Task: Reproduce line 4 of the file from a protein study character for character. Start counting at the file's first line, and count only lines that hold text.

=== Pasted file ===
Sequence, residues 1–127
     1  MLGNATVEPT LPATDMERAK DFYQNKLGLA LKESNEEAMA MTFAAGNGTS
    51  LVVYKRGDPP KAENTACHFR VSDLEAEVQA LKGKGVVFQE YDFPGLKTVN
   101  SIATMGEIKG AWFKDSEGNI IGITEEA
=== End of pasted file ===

   101  SIATMGEIKG AWFKDSEGNI IGITEEA